Languages of Brazil
Juan Alvaro Echeverri
jechever at latino.net.co
Tue Oct 22 04:04:13 UTC 1996
Thanks for your note. I certainly am interested in the kind of contacts
you mention. I do feel that in our work in Colombia, and I believe in
other LA countries, we tend to become very provincial, to ignore important
developments that happen in other countries. That's quite remarkable that
even Indian groups (of the same linguistic stock or language) that live in
two separate countries ignore what's going on on the other side of the
border (and sometimes nationalist identity becomes stronger than, let's
say, ethnic identity). I learn that very vividly with the Uitoto who live
in Peru and Colombia.
Indian Brazil is large and quite unknown to me. I appreciate any piece of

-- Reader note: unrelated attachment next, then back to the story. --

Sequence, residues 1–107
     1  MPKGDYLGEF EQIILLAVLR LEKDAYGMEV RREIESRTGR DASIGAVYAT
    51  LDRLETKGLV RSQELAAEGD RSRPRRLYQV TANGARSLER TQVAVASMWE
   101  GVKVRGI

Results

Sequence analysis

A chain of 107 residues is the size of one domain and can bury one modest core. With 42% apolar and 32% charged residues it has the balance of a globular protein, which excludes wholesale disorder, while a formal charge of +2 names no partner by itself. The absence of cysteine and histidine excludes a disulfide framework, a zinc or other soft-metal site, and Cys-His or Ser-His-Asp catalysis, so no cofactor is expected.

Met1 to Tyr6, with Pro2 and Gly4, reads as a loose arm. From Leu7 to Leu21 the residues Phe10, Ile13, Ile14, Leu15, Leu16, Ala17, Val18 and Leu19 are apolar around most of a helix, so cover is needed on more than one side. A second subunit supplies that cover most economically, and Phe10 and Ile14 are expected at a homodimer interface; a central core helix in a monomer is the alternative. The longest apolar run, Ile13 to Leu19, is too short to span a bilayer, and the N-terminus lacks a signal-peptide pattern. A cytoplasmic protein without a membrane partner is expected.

information that I can learn.
> From: storto at mit.edu
> To: endangered-languages-l at postbox.anu.edu.au
> Subject: Re: J.A. Echeverri, 40, male, anthropologist... (2nd.trial)
> Date: Lunes 21 de Octubre de 1996 02:48 PM
> Dear Juan Echeverri,
> I am a linguist working with an indigenous language of Brazil called
> Karitiana. I have been doing field work among the Karitiana (Arikem
> family, Tupi stock) since 91. The population amounts to 191 people, 18
> of which are speakers of the language. They have been in contact since
> the beginning of this century, and were able to keep their Karitiana
> identity although they live 9 Km from Porto velho, the capital of the
> state of Rondonia. I am in contact with a group of people in Brazil who
> do similar work to mine, and I could get you in touch with them in
> case you are interested.
> Let me know.
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